FORTESCUE's rail network in the Pilabara, the idea behind Atrum Coal's new financing model for its Groundhog project in Western Canada.

FORTESCUE's rail network in the Pilabara, the idea behind Atrum Coal's new financing model for its Groundhog project in Western Canada.

Atrum Masterminds New Financing Model for Groundhog

Issue 83, May 2014

Atrum Coal, Australia’s top performing mining stock of 2013, has announced a radical new financing structure for its giant Groundhog anthracite deposit in British Columbia.

The company announced a pre-feasibility study for Groundhog this week showing that cap-ex of $77m, expected to be fully financed by off-take deals and debt, is projected to ramp-up the mine to 5.4m tonnes per annum at thumping margins of $100 per tonne. The study covers only 5 per cent of Groundhog and only 2 of its 20 seams. “The results speak for themselves,” said managing director, Eric Lilford.

In exchange for a service fee, power lines, road haulage capital costs and a possible rail option would be covered by an Atrum subsidiary due to be spun-out to investors, the company said, avoiding equity dilution by “quarantining” capital expenditure.

The mechanism turns the capital burden of infrastructure costs into a utility-like investment in its own right, able to raise borrowing against long term contracted income. “You are dealing with different types of investors,” says director Russell Moran. “Those seeking lower but more stable returns with strong tangible asset backing to the business. Building a mine, you are looking at shorter debt instrument terms at higher rates.”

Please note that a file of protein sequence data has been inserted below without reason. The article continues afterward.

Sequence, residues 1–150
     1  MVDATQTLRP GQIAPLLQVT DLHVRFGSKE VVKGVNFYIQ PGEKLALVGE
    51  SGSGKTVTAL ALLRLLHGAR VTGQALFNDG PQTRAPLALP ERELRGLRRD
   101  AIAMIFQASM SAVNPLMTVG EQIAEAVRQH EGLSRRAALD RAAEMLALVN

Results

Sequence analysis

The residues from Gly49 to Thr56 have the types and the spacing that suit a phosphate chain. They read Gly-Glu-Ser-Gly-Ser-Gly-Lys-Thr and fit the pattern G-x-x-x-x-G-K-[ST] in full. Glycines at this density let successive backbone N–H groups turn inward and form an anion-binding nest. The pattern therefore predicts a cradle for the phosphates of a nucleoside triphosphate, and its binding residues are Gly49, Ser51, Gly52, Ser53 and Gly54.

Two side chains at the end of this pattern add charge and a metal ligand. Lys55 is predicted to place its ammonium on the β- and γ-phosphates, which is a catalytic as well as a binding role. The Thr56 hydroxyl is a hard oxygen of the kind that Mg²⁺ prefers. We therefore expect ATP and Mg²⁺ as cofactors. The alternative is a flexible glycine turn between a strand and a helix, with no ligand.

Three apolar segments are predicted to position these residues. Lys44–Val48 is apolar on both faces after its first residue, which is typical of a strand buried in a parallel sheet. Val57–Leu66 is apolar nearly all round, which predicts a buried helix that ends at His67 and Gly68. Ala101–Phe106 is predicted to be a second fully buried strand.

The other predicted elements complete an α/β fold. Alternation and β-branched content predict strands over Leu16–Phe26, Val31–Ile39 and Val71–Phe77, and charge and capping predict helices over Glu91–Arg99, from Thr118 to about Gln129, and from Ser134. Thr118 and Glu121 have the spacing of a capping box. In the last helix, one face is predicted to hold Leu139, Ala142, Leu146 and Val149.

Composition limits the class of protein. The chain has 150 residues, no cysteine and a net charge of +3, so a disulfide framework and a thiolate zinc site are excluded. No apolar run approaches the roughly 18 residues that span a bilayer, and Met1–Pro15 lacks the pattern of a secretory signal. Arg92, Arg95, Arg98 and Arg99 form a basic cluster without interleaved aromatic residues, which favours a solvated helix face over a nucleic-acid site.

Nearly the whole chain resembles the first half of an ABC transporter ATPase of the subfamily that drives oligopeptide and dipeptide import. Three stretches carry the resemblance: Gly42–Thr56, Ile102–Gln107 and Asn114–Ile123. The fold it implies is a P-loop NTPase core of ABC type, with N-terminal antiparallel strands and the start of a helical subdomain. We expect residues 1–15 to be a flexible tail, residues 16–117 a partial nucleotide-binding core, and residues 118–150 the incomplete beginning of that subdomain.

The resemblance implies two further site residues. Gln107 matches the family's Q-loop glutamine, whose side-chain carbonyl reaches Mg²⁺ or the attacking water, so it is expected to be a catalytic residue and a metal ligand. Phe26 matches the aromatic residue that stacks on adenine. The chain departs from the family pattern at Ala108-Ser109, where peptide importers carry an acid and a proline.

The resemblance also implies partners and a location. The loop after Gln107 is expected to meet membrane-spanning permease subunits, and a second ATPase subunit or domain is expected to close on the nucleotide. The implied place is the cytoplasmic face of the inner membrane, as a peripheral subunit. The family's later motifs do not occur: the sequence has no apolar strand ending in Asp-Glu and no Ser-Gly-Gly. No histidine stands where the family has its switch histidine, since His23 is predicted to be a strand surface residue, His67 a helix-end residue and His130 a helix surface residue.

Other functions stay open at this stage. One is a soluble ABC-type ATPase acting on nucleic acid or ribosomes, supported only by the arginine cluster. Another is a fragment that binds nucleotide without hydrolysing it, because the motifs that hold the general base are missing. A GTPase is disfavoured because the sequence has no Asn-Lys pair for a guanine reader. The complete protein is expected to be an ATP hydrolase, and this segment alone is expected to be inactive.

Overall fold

The model he says is part based on iron ore giant Fortescue, which raised capital for its railway network in the Pilbara through a subsidiary, ring-fencing the capital outlay. “The difference for Atrum is that [we are looking] at a much smaller infrastructure spend and we are considering spinning out the business as a standalone business that will seek out secondary customers.”

A 200km railway linking Groundhog to Port Stewart would also cross the line to the coal port of Prince George, doubling as a potentially lucrative link between Port Stewart and Western Canada’s major coal basins.

Moran says the service fee paid by Atrum to any spin-out would be similar to the operating costs of owning the infrastructure itself, with savings such as lower borrowing costs being split between profit for the spin-out and savings for the mine. “BC hydropower, which is what new power lines would unlock, is some of the cheapest environmentally friendly power on the planet.”

“You are dealing with different types of investors.”

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